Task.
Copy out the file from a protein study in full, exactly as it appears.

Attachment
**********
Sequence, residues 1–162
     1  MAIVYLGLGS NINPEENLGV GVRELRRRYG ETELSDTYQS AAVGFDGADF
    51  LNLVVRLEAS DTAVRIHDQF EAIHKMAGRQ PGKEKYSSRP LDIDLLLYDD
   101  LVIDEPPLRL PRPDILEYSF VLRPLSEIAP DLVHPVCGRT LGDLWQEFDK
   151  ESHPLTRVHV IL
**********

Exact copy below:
Sequence, residues 1–162
     1  MAIVYLGLGS NINPEENLGV GVRELRRRYG ETELSDTYQS AAVGFDGADF
    51  LNLVVRLEAS DTAVRIHDQF EAIHKMAGRQ PGKEKYSSRP LDIDLLLYDD
   101  LVIDEPPLRL PRPDILEYSF VLRPLSEIAP DLVHPVCGRT LGDLWQEFDK
   151  ESHPLTRVHV IL